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This article participates on the following special index pages:

  • New Constitution-making process - Index of articles


  • Copac awareness meetings analysis report
    Bulawayo Agenda

    March 14, 2013

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    Introduction

    The 13th of February, 2013 marked a milestone in the current Zimbabwean history-making generation as it brought to a somewhat finality the unexpectedly long process of writing a new constitution for the country. The Constitution Parliamentary Committee (COPAC)-led process saw the announcement of a ‘deal’, as also hyped by the media, by the Inclusive Government political party leaders that meant a final draft to be taken to the nationwide referendum on the 16th of March as announced by the Minister of Parliamentary and Constitutional Affairs.

    Copac then scheduled the 25th of February to the 8th of March as dates for awareness and ‘vote yes’ campaign in 148 meetings held in 73 districts across the country. Civil Society in Bulawayo, including Bulawayo Agenda convened and resolved to play a critical role in sensitizing the citizens and clearly positioning themselves in the centre.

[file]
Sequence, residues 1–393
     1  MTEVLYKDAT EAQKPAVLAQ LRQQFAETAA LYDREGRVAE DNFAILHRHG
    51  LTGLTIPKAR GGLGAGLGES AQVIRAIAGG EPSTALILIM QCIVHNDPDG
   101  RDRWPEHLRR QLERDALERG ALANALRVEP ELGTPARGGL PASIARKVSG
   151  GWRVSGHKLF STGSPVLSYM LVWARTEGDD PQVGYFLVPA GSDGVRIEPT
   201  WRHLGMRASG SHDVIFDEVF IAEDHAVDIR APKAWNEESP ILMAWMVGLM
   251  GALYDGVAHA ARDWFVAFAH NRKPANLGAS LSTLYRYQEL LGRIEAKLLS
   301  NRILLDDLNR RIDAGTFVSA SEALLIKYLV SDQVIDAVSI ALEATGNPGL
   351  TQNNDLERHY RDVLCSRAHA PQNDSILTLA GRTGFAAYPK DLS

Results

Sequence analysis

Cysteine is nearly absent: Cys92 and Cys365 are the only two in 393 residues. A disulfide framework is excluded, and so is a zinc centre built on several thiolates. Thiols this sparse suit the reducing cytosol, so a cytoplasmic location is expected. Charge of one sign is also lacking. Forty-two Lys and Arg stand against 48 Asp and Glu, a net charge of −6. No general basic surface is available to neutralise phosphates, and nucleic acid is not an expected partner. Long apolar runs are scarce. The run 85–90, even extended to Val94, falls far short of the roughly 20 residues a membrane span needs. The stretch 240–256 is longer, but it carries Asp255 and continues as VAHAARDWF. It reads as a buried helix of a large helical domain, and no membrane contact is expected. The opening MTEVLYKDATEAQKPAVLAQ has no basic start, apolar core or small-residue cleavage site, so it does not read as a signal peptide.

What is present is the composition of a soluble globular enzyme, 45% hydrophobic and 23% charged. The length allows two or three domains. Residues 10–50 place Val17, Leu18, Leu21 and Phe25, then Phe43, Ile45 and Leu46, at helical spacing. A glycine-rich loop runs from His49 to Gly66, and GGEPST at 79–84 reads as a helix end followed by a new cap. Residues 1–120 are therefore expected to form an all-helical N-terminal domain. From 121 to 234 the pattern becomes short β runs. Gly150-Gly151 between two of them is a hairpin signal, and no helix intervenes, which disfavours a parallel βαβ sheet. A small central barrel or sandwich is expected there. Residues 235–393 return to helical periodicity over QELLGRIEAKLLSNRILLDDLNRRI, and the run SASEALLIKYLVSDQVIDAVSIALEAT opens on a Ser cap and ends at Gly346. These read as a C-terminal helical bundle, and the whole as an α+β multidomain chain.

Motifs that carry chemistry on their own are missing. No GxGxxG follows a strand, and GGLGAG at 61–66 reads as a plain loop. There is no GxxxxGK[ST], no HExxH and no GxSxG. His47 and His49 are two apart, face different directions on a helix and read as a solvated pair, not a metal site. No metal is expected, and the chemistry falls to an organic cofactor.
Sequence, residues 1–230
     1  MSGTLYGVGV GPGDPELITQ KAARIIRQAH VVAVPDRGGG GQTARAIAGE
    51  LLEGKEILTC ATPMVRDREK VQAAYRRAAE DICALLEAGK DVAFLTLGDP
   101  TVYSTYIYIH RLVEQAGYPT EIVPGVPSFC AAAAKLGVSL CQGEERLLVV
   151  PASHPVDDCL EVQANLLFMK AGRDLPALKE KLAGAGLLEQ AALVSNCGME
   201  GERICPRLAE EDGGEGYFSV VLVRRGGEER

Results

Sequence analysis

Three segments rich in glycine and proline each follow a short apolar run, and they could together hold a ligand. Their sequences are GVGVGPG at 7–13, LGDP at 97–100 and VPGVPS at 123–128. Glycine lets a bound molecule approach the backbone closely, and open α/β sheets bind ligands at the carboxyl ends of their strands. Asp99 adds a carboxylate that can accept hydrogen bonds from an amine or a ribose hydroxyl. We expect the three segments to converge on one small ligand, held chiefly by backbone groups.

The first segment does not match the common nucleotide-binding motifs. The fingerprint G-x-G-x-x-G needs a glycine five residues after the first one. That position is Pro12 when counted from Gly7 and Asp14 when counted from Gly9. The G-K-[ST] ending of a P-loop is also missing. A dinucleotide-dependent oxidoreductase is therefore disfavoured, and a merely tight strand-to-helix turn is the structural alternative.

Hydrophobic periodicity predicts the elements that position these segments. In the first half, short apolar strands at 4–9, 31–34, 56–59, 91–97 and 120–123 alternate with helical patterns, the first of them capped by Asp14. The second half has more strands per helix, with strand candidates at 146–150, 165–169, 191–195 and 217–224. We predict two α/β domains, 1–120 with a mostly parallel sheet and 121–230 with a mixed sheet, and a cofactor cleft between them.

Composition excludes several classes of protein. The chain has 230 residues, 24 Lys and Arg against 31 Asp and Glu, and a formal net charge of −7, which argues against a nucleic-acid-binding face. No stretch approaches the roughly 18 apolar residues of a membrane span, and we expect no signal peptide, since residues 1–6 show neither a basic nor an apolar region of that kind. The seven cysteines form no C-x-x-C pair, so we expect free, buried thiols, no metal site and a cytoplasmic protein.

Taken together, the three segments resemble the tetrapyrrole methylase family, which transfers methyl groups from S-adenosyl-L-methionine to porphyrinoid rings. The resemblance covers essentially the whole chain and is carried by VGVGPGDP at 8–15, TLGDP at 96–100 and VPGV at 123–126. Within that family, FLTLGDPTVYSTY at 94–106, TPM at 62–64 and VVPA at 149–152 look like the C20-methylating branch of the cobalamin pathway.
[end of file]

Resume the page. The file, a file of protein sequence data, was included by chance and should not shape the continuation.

Part of CSOs position was that, ‘we are neither campaigning for a ‘yes vote’ nor campaigning for a ‘no vote’ but that Zimbabweans know the draft so as to participate from a point of knowledge rather than being whipped’. This position was reiterated by the Crisis in Zimbabwe Coalition coordinating committee thus gaining some currency in civil society.

    With the angst intimated above, Bulawayo Agenda, alongside its own meetings, went on to closely observe some of the COPAC sensitization meetings in four provinces namely Bulawayo, Midlands, Matabeleland North and Matabeleland South. The purpose of these observations was to assess the levels of citizen participation with special attention on gender balance. The observation was also meant to assess citizens’ turnout and project possible scenarios in terms of citizen participation in the Referendum.

    Delimitation, Limitations and Method of data collection:


    As readily pointed out above, the meetings that were observed were broadly in four provinces; Matabeleland North, Matabeleland South, Bulawayo and parts of Midlands, that is among the initially scheduled. Some of the rescheduled meetings were not observed. In these provinces, not all the 54 meetings were observed and neither were all the observed ones, seen throughout their full duration. The disclaimer worth noting is therefore that the observation was not in any way exhaustive.

    Results in this report were gathered through Bulawayo Agenda’s Chapter committee members, citizen journalists and staff members who attended some of the meetings.

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